Arts & Culture

Support for Landis Expandis Continues with Ottobar Benefit This Weekend

Arts community gathers to fundraise for the beloved artist and musician, who is battling cancer.

William Hicks recalls a memory from years ago, when he saw his friend, Landis Expandis, strolling through Mount Vernon Place with his family. 

“He and his wife at the time were wearing these matching, purple and white fur-lined outfits—and the baby carriage had the exact same fur around it,” recalls Hicks, who performs as DJ Cheeky Willy and owns Mount Vernon Records. “I’ll never forget that day. Landis has always been an artist. His persona is larger than life.”

For 35 years, Expandis—who grew up Landis McCord in New Haven, Connecticut before moving to Baltimore to study painting at the Maryland Institute College of Art (MICA)—has been a steady presence within the city’s art scene. 

He’s perhaps best known as the drummer and lead singer of rock and soul quintet All Mighty Senators, but has also performed with local experimental groups Flo and F City and made his mark as a DJ. As a visual artist, his surreal and abstract paintings have been featured at venues such as Hamilton Art Gallery and Max Gallery in Butchers Hill. Throughout COVID-19 lockdowns, he even launched a Facebook Live painting series to help artists get their creative juices flowing in some of our darkest days. 

Now, the community is giving back to him. Expandis was diagnosed with lymphoma this past May, which has resulted in liver and kidney complications that placed the artist in intensive care. He’s now stable and undergoing chemotherapy in a rehabilitation center, but faces a long road to recovery. 

“I’m learning how to walk again—I’ve been in the hospital bed for three months now,” Expandis said in a video update posted to Facebook earlier this week, in which he profusely thanked those who have supported him throughout his healing process. “Basically, my name is Landis, and I’m here, damnit,” he summed up.

Soon after the diagnosis, Nic Berg, Expandis’ friend of more than 20 years, created a GoFundMe that has since raised more than $40,000 to assist with medical expenses; cover lost wages for Expandis and his spouse, Freda; and fund travel for his son, Imani, to visit during hospital and rehab stays. 

In hopes of reaching the total fundraising goal of $59,000, Berg has organized a tribute show at the Ottobar this weekend. On Saturday, July 1 at 7 p.m., Baltimore greats including indie rockers Super City, rapper Eze Jackson, and DJ Cheeky Willy—as well as Washington, D.C. native darkwave band The Neuro Farm—will take the Remington stage to perform their takes on Expandis’ work.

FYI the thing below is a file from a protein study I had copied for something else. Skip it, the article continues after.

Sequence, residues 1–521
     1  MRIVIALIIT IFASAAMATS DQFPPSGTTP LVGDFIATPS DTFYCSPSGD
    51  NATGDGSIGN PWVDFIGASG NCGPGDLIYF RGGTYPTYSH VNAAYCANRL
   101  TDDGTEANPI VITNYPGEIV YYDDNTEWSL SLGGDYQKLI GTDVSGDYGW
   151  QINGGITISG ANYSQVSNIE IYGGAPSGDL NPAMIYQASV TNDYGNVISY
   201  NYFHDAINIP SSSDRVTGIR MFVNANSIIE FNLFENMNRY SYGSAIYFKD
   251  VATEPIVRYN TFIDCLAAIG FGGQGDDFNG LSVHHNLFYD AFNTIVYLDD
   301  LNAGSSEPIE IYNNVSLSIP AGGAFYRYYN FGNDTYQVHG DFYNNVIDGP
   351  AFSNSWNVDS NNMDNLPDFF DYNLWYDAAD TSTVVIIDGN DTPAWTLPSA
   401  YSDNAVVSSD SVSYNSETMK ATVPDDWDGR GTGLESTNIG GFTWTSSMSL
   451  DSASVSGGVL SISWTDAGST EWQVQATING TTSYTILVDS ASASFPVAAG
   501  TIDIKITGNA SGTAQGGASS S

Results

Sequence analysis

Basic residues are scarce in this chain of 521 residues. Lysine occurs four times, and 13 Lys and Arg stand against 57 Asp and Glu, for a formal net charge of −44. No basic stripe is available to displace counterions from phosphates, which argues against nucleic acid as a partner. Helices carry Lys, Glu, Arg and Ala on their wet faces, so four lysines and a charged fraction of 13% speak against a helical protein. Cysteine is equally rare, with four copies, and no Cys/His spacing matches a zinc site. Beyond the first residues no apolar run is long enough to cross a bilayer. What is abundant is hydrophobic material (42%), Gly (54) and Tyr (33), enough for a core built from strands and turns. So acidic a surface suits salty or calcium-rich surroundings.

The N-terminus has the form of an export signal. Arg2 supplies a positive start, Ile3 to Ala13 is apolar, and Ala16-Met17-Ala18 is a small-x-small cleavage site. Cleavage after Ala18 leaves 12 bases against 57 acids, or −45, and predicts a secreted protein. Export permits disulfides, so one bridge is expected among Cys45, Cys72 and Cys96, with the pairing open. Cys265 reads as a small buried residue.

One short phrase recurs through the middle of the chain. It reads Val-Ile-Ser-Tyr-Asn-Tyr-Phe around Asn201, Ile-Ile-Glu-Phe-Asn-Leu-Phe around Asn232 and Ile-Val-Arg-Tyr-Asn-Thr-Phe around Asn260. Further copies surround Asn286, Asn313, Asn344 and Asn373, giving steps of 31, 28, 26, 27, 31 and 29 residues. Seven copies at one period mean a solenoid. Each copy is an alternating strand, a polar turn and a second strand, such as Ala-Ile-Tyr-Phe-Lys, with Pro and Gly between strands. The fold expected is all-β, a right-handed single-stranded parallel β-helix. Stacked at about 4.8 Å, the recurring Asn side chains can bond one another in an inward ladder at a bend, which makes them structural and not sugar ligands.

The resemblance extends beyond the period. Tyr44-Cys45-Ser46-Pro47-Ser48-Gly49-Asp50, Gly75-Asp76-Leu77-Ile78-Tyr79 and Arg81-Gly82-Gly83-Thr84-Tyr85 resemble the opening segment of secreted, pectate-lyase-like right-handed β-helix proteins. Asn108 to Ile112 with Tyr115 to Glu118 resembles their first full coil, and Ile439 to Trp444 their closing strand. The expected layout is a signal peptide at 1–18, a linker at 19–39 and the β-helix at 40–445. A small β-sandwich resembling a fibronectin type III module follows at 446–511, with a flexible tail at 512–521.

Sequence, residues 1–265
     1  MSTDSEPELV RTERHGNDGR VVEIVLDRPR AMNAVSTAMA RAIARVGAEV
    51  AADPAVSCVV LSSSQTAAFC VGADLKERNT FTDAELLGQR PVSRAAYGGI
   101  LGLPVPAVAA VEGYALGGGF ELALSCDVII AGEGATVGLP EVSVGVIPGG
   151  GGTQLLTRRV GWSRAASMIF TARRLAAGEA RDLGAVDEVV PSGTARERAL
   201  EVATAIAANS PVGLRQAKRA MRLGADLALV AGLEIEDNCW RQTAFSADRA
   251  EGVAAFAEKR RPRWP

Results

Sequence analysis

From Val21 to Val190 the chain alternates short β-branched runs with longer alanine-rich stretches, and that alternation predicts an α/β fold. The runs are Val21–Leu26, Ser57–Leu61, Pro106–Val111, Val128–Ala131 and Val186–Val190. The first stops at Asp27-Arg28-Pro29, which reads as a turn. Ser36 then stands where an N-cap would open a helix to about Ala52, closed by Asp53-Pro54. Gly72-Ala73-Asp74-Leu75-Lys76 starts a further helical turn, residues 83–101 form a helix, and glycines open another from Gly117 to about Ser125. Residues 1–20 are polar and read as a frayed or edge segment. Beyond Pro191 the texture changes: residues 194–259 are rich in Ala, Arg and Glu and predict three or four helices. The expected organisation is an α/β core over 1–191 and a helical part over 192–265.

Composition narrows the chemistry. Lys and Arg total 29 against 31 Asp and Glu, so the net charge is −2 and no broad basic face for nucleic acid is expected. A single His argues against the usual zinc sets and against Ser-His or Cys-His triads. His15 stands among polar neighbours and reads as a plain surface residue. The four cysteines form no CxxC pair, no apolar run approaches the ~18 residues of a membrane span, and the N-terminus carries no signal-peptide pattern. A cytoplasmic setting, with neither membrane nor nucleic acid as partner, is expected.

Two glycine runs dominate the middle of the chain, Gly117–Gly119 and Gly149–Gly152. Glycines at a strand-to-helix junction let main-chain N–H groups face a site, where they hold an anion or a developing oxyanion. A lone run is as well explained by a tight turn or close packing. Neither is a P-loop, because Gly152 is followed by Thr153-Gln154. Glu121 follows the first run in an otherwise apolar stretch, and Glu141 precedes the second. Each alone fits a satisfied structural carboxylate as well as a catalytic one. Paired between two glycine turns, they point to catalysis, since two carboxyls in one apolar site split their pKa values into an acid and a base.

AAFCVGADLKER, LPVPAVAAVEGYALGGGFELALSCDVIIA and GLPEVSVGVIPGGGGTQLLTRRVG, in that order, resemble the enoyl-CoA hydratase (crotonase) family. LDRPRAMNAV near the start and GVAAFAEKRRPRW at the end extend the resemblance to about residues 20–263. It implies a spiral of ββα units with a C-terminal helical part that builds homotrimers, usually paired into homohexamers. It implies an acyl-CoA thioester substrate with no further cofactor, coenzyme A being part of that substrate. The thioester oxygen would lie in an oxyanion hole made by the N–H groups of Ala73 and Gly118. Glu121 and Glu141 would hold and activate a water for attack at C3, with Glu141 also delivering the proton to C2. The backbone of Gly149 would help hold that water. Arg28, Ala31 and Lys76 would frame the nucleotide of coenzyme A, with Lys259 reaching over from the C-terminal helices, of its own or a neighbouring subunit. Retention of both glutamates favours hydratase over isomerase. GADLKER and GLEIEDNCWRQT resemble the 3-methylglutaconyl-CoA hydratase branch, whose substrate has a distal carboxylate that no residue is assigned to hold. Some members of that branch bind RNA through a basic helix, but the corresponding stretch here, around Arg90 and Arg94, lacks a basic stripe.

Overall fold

“It’s his dream to see other people covering his music,” Berg says of the show, which will be filmed so that Expandis can experience it, too. “Before he was sick, I wanted to create a tribute for him, almost like a small version of the Kennedy Center Honors. Because of the amount of love that he’s given to the city and the creative community, I wanted to give him a little dose of what he gave to us.” 

The evening will also feature merch sales, as well as a silent auction with items from local vendors like The Charmery, The Sound Garden, and Dangerously Delicious Pies. Ottobar favorite Mama Saray will be dishing out Jamaican cuisine, and all downstairs bar sales will be donated to Expandis’ GoFundMe page.

Aside from funding his recovery, those closest to Expandis are most looking forward to evoking his lively, loving, experimental energy at the event. 

“If everybody played on the stage at the exact same time, it would sound like a Landis song,” says Jeff Bradford, president of Big Curve Music, the label that represents Expandis. “It’s going to be one of those nights where if someone is watching a band and they go outside to have a smoke, it could be a completely different vibe when they come back—which is just like seeing Landis live.” 

That unpredictable talent is what makes performing with Expandis so special, according to All Mighty Senators guitarist Warren Boes.

“He’s always had this great ability to improvise lyrics on stage,” says Boes, who hopes to get the band back together again at some point. “He’d come up with some sort of vocal line and we’d just jump in. That made the audience feel extra included, because they were watching it happen.”

When asked about her hopes for the fundraiser, Berg says that she “wants what Landis wants—for everyone to come together.”

“It’s like he says in his F City song, ‘Ton of Bricks,’ ‘The city needs a new layer of love,’ and this is where we bring it in,” she says. “It’s the layer of love of all of these people who are coming together for this person who’s done so much. He’s been finding magic longer than a lot of us have been on earth. It’s my hope to continue that.”